The bill also does not exempt from this offence the killing of animals in the normal and lawful conduct of commercial fishing and hunting. Residents in Leeds and Grenville request that this specific section of the bill be revised to provide an explicit exemption for the killing of animals in the course of hunting and fishing.
Traditional animal use industries and recreational fishing and hunting should be exempted from prosecution under this legislation. I would look to the time when we did have the support of our hunting and fishing organizations in order to get this bill through the House. My research shows that many jurisdictions that have animal cruelty legislation provide such exemptions. Without such an exemption, I and residents of Leeds and Grenville are convinced that certain animal rights groups will bring forward criminal complaints under the legislation against fishing and hunting enterprises and the thousands of sports people in my riding.
These organizations have already declared their intent to use the revised legislation to challenge traditional animal use industries and recreational fishing and hunting. Justice officials from the government advise that if such changes are brought forward, there are sufficient offences to get the charges dismissed. I would advise the justice minister that this is not sufficient.
The point is not whether residents of Leeds--Grenville can pay for a lawyer and beat the charges at great expense to themselves and the court system. The point is hunting and fishing enterprises are already licensed by various levels of government to conduct their work. Hunters and fishers are also licensed and must abide by laws. They should not have to get out of bed in the morning wondering if some other citizen with a larger cash reserve is going to take them to court that day and they will have to defend themselves against frivolous charges.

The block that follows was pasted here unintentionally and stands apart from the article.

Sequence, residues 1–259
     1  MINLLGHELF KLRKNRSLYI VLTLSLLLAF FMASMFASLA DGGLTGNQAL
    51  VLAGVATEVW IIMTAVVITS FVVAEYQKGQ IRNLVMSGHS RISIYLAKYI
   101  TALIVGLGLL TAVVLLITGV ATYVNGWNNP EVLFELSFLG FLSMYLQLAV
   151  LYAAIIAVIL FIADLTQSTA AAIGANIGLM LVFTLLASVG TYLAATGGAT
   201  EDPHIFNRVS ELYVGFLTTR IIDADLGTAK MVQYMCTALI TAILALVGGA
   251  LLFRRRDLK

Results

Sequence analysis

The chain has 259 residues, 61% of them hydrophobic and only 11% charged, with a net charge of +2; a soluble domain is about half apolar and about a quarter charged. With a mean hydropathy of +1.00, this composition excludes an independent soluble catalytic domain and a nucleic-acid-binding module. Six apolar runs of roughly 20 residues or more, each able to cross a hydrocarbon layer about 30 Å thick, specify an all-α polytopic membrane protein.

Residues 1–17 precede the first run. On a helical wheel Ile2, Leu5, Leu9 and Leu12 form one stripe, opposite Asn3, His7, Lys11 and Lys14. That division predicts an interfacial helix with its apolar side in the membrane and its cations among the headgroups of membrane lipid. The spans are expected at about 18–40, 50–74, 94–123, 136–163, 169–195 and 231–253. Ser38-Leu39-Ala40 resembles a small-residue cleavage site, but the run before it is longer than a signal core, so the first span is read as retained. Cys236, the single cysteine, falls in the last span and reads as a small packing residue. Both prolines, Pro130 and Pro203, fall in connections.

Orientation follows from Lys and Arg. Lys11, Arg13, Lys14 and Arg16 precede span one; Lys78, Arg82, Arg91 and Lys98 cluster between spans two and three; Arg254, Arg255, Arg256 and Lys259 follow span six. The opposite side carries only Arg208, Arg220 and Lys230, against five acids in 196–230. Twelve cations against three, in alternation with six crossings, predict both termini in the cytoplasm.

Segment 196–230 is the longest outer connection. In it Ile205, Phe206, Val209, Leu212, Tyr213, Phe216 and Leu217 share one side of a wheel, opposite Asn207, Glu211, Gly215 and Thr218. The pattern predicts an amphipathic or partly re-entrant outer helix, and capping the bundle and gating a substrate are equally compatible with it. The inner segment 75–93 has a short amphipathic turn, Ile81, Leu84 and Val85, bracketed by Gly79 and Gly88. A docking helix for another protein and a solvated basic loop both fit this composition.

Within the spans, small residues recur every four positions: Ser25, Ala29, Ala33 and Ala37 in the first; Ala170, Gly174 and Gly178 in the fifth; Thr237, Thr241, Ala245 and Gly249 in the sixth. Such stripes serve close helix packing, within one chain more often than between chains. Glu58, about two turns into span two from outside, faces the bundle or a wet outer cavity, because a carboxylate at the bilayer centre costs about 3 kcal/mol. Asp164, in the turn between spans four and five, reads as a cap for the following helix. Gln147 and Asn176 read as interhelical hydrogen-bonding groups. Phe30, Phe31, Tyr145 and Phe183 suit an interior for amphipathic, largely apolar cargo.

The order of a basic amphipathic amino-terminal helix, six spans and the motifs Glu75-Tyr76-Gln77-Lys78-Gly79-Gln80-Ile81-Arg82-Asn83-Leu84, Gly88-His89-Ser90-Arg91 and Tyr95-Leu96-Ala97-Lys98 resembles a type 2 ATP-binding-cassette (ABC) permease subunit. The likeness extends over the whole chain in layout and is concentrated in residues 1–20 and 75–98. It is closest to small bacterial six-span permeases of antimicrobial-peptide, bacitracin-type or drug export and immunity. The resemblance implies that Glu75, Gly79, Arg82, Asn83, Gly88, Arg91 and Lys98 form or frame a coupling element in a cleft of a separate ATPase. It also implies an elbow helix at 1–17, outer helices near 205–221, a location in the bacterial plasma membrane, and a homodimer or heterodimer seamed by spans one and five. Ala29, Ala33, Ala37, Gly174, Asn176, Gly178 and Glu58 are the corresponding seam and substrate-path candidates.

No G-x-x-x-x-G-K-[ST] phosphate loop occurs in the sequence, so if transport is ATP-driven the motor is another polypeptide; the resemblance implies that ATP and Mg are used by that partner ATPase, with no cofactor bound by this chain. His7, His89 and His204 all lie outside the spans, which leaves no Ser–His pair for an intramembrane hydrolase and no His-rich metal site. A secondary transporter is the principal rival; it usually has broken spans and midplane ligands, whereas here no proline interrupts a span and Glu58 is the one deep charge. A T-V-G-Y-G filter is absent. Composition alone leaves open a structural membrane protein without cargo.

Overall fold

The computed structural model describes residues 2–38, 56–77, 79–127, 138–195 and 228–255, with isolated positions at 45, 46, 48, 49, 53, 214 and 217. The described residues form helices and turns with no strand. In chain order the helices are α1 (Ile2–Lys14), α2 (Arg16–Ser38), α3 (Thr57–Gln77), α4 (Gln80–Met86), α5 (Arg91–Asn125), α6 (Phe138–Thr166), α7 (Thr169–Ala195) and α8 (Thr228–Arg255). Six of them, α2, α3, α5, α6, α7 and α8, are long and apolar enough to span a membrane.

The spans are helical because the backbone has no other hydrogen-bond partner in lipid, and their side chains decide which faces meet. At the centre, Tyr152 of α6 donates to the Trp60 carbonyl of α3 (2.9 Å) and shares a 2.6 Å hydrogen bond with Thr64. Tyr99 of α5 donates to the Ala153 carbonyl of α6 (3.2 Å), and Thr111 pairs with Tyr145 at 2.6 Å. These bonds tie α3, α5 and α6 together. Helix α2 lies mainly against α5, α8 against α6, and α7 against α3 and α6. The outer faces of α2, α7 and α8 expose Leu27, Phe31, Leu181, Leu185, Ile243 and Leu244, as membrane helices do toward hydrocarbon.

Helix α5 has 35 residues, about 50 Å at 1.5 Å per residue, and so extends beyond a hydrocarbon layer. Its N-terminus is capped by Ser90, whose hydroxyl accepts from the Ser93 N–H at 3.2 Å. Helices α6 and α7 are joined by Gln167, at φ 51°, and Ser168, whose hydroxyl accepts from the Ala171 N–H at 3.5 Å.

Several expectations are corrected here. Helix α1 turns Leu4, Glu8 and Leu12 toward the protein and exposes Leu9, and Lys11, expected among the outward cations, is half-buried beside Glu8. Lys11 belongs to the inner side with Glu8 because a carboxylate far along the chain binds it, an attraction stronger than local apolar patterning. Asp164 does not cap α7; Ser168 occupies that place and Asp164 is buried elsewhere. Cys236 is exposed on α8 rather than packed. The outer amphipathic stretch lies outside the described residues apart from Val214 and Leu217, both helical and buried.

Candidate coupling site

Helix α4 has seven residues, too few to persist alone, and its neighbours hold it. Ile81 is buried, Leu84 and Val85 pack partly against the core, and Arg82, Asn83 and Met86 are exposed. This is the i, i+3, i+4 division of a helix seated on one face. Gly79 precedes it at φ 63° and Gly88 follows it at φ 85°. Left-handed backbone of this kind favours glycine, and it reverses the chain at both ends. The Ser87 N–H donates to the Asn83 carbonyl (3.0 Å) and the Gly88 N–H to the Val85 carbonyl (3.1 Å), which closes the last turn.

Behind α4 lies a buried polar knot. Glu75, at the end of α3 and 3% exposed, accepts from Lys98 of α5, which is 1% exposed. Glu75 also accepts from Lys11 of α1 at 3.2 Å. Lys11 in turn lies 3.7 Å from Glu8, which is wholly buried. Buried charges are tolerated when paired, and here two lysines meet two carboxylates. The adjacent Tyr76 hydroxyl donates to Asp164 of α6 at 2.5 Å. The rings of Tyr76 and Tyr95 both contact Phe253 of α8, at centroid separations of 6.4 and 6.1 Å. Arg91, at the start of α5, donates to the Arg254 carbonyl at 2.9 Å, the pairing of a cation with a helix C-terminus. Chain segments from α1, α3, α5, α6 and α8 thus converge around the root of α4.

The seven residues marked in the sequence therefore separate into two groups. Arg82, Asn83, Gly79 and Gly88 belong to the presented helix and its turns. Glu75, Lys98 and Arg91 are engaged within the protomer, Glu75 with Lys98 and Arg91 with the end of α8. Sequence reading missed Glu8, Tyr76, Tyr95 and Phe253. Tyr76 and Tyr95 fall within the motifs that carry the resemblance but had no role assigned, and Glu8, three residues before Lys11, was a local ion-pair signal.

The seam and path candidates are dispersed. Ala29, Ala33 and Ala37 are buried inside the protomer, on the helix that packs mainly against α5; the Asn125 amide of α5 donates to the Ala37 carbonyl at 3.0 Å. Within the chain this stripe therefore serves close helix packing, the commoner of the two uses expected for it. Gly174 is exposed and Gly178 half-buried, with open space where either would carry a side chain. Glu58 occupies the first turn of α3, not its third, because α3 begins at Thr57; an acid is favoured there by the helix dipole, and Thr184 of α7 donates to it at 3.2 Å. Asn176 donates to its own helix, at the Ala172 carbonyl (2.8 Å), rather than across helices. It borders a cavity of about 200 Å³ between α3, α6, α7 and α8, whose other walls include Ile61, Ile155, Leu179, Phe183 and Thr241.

I understand the intent of the legislation is to increase the penalties for animal cruelty offences and to simplify, modernize and fill the gaps in the offence structure of the animal cruelty regime. I am as much opposed as anyone else to animal cruelty. In fact, I am sure anyone in the House and most Canadians would be opposed to any cruelty to animals. It is absolutely shameful and appalling how some people mistreat animals and they must be held accountable. That is what we should be striving for in the bill, not turning our hunters and fishers into criminals.
Without the requested exemptions in Bill C-50, there is considerable legal opinion that the proposed legislation amounts to significant changes to the law which are detrimental to animal use industries, fishers and hunters. On behalf of the residents of Leeds--Grenville, I request that these changes be made before the bill is permitted to proceed any further. With these exemptions included in the bill, I would be happy to stand in my place and support a bill that fights against animal cruelty.